Александар ЛОМА

Филозофски факултет




Апстракт: Мада је у новије време доказано да насловни лик Гогољеве приповетке Виј има фолклорну подлогу, остаје спорно колики је у њему удео пишчеве фикције; исто питање поставља се за „грдобу“ у првој Глишићевој приповеци Ноћ на мосту, и то још заоштреније, с обзиром на Гогољев утицај на Глишића. Локална предања из Колубаре и један обичај забележен 1929. у Банату пружају основ за закључак да је Глишић у овом случају црпао из аутентичне народне традиције. Ланац идентификација води са ниже на вишу митолошку раван, преко „Хромог Дабе“ и „воденог ђавола“ до Дабога и староруског Дажбога, а на ширем поредбеном плану до индоиранског Вајуа.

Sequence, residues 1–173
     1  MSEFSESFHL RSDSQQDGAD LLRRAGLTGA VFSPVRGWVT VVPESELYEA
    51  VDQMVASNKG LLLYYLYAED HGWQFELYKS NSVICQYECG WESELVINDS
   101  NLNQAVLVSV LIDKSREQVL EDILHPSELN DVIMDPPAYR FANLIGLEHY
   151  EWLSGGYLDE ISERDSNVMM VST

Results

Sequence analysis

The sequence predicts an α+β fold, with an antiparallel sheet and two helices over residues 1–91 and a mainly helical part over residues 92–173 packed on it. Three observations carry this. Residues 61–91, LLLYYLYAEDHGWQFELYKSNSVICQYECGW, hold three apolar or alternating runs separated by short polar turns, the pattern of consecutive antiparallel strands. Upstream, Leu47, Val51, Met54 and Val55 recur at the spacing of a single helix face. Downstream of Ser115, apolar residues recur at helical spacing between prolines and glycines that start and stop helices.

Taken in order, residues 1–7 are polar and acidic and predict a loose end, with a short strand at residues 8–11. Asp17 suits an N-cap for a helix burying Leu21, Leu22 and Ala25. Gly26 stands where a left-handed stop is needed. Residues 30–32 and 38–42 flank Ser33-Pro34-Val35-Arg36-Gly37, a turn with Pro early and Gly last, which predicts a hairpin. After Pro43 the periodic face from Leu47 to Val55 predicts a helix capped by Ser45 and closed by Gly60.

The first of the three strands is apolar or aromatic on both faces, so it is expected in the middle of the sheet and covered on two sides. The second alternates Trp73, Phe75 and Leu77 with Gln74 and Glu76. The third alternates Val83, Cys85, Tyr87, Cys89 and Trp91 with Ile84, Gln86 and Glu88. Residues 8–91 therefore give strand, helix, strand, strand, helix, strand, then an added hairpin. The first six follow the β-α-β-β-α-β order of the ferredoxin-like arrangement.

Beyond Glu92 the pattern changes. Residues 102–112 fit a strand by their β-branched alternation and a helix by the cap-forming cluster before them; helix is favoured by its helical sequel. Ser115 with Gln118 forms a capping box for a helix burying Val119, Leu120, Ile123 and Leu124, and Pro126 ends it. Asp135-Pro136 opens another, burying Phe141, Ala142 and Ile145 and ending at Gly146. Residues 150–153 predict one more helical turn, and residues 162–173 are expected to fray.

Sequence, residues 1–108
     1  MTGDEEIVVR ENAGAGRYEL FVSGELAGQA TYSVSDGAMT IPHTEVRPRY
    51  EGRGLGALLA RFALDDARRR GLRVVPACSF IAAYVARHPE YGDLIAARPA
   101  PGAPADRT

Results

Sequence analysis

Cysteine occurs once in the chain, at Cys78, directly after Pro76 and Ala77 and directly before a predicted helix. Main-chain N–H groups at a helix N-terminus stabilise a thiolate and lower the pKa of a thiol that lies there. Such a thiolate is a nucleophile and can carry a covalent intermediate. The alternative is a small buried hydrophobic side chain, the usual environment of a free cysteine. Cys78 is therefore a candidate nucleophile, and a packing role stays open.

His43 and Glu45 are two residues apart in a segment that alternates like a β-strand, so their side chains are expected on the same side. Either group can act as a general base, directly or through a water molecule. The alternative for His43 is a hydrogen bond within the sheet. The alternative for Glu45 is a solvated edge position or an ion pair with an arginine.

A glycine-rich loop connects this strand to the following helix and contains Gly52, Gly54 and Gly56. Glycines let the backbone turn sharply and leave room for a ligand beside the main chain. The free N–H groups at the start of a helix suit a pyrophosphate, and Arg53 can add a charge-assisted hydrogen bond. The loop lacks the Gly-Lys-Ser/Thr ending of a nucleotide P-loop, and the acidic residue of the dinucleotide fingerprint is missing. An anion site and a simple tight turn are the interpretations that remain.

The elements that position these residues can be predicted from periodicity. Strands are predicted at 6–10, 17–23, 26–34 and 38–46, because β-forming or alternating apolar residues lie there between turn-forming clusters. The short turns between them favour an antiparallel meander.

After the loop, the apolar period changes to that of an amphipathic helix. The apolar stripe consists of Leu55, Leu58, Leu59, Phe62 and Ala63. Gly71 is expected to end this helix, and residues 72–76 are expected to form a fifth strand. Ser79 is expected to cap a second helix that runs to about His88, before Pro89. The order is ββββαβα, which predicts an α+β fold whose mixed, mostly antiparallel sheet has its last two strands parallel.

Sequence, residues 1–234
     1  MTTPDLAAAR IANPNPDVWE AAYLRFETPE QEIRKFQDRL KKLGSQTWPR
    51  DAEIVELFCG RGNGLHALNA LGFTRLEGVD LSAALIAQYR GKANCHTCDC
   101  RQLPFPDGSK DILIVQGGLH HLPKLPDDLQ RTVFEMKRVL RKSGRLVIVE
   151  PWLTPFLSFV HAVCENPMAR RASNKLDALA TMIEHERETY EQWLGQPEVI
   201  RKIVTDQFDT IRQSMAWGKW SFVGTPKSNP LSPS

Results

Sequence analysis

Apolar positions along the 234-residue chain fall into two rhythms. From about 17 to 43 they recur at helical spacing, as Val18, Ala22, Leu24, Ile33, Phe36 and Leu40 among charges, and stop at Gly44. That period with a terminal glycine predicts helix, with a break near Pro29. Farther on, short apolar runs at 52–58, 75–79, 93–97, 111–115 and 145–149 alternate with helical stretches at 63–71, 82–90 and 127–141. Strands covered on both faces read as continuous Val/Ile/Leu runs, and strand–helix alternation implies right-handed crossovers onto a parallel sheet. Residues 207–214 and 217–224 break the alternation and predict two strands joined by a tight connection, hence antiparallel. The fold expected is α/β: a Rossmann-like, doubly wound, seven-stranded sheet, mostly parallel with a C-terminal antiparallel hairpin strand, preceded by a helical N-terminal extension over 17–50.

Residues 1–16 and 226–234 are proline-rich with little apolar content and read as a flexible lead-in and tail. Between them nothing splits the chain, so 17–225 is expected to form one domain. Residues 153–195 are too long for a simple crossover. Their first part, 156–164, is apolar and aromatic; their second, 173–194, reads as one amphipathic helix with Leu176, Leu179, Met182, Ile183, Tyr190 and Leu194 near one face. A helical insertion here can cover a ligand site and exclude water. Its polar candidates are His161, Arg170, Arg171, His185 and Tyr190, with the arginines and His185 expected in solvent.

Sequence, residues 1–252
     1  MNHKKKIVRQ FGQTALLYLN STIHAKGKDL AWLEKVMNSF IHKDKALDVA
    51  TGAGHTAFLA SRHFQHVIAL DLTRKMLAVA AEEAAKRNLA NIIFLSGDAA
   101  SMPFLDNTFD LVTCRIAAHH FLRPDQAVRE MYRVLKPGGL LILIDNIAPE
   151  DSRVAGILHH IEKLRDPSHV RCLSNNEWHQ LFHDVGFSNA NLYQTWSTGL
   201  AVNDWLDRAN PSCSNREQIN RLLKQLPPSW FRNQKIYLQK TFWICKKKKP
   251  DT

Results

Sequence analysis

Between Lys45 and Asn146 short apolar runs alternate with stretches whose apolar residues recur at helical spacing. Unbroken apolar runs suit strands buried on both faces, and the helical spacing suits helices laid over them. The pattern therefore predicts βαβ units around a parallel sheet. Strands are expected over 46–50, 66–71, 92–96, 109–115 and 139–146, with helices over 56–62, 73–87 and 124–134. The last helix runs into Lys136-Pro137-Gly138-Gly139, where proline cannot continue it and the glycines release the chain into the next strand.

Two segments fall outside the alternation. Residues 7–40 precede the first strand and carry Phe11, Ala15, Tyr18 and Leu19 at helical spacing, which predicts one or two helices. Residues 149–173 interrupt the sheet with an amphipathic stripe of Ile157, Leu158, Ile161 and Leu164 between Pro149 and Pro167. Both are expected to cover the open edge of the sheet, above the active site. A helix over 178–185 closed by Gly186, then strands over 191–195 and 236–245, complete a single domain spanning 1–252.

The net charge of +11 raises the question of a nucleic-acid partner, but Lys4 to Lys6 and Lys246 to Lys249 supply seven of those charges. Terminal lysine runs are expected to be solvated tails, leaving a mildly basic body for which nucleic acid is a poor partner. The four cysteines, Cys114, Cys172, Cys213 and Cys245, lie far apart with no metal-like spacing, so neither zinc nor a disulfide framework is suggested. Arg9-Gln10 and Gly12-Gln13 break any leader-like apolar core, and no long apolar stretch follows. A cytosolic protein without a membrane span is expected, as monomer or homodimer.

Vij is a kind of monster or rather an archidaemon, appearing in the finale of Gogol’s tale thus entitled. The recent folkloric research confirms that an analogous figure is rooted in the East Slavic tradition. In a story inspired, too, by the popular beliefs, the 19th century Serbian author Milovan Glišić introduces, under similar circumstances, a similar demoniac personage. The resemblance between the both stories consists in the hero spending the night alone in a haunted place and being exposed to more and more dangerous attacks of the evil force, which culminate in the appearance of a lame creature with deeply pending eyelids: in Gogol it is called Vij, in Glišić simply grdoba ‘monster’. In view of the fact that the young Glišić was largely influenced by Gogol, a pure imitation of the latter by the former can not be excluded; nevertheless, it seems more probable that in this particular point the Serbian storywriter is not slavishly imitating the great Russian, but rather following his example in using some traditional topic he knew from his own country, for in the folklore of this, northwestern part of Serbia and of some other Serbian regions very close parallels to Glišić’s narrative are to be found, which match also its details disagreeing with the Gogol’s story. The main difference consists in Gogol’s hero being unwillingly closed in an empty church and finally put to death by taking the look at the monster, Vij, while Glišić’s hero spends the night on a bridge voluntarily subjecting himself to the demonic temptation, in order to find a cure of a disease provoked by diabolic charms. Such a healing procedure is more than a folk tale motif; as late as the first half of the 20th century it was practised in Serbian Banat, where the patient (mostly a mentally handicapped child) used to be let to spend the night alone on the so-called Devil’s bridge (Ðavolji most) over Nera river and to expect the epiphany of the oldest devil, Daba (it was desirable to see only the top of Daba’s red cap emerging, and not his face). In a widespread Serbian superstition, Hromi („The Lame“) Daba is the king of devils, and there are some place names and local legends indicating that Glišić’s monster was originally identical with him. As for Ukrainian Vij, Abaev and some other scholars compared him with the Iranian Vayu, in regard both to his name and to his function of the doorkeeper in the kingdom of dead. The Serbian evidence corroborates this comparison by supplying the characteristic motif –lacking in the East-Slavic tradition– of a bridge between this and the other world; in the Zoroastrism, it is the „Good Vayu“, Vāi i vēh, who conducts the righteous souls of dead over the Činvat-bridge to the paradise, while his evil hypostasis Vāi i vattar prosecutes the impious ones. Vayu is believed to play this double role because he personifies the atmosphere, i.e. the element mediating between the earth and the sky, where the souls of dead keep roaming, who are prohibited from approaching to heaven. Daba deriving from Dabog, the Serbian „Lame Devil“ can be traced back to the legendary personage thus named, figuring in the folk tales from Mačva as the dualistic rival of God, who rules over the evil souls –not unlike the „Evil Vayu“– and finishes up by being fixed between the earth and the sky, which recalls the archaic cosmogonical myth about the separation of the primordial couple, Mother Earth and Father Sky, by creating the airspace in between. In another legend Dabog’s affinity to the winds is manifested, corresponding to the nature of the Indo-Iranian Vāyu, who is above all a windgod. A further functional tie can be established between Gogol’s Vij, said to be the chief of the gnomes, and NE Serbian „Silver King“ of the miners’legends, the master of underground treasures, whose name seems to have been originally Dajbog. All this can throw a new light on the relationship of Serbian Da(j)bog/Daba to the homonimous Old-Russian god Daž(d)ьbogъ, as well on the much-discussed problem of Slavic dualism.